He looks up at her and smiles. "Can't sleep?"
She rolls her neck. "No. What are you still doing up?"
Mulder puts the book down on the couch and grins. "It's your fault. You shouldn't have given me the new Tom Wolfe for Christmas. I can't put it down."
She sits down next to him on the couch and pulls the blue afghan over her knees. Despite the fact that she's in her flannel pajamas, the room feels drafty. "Well, staying up to read won't kill you."
He lays his hand over hers. With fascination, she notices how much larger his hand is than her own. We're two separate breeds, she thinks. But somehow, we're mated.
"Is everything okay?" Mulder asks in a soft voice.
He's had that gentle, solicitous tone in his voice ever since Pfaster invaded their lives again. Part of her resents his quiet sympathy, but another part of her hates to admit that she truly needs it.
She nods. "I'm fine. I just needed to take some ibuprofen. Once it kicks in, I'll be okay."
"You know, a hot bath would go a long way to easing your aches and pains."
Scully looks up and sees him flinch as he remembers why she hasn't taken a bath since the attack.
He closes his eyes and shakes his head ruefully. "I'm sorry, Scully, I wasn't thinking. I just forgot."
Squeezing his fingers, she says, "It's okay, Mulder."
His eyes open once again. "We haven't talked about it, but I've noticed. You've only taken showers since..." His voice trails off.
"I can't." That's all she can think of to say.
"You used to only take a shower if you were in a hurry and needed to get clean."
"It's different now."
She pictures herself, lying in her old tub, the water turning red from the stab wounds on her body. The water is so cold, she's so cold, as her vision dims and the darkness looms over her, ready to engulf her and take her away. And he's standing over her, the monster who starred in so many nightmares over the past five years, holding a pair of scissors in his trembling hands, waiting for her to close her eyes so he can take her hair.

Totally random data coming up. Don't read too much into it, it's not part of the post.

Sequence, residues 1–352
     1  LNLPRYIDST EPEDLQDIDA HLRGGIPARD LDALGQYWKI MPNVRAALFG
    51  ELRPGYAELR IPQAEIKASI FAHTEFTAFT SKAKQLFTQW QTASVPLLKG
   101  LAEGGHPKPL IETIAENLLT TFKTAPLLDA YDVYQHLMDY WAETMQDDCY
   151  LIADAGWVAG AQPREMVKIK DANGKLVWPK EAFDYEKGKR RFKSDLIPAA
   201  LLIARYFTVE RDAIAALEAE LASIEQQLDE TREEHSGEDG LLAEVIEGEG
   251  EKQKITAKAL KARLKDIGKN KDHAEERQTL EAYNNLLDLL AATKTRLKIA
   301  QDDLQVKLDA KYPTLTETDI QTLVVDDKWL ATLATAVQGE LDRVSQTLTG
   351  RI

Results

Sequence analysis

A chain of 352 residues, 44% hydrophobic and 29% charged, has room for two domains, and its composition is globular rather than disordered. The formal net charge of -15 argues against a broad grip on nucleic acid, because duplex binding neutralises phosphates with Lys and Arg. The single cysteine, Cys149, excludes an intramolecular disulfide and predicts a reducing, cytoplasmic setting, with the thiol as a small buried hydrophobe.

A shiver runs through her at the image.
"I hate to see that," Mulder says. "I hate to see him take that away from you."
Scully shrugs. Doesn't everything get taken from her sooner or later?
"I loved coming over to your place and finding you in the bathtub. You always seemed to get such a deep satisfaction from taking a bath."
"It was my favorite thing."
He puts his arm around her shoulders and leans in closer. "If I could make it better for you, I would."
"You can't," she says, and realizes how snappish it sounds as soon as the words are out of her mouth.
If she could change anything about herself, she would be softer, less defensive at a time like this, when Mulder is only trying to be kind.
"I know." Mulder's lips turn down in a frown. "I still wish I could. But only you can help yourself."
She nods at him. "It's better every day, but it'll still take time."
They are both silent for a moment. She wonders how much time it will take for them to get over everything that has happened during their years together. Does the average life span have that many years?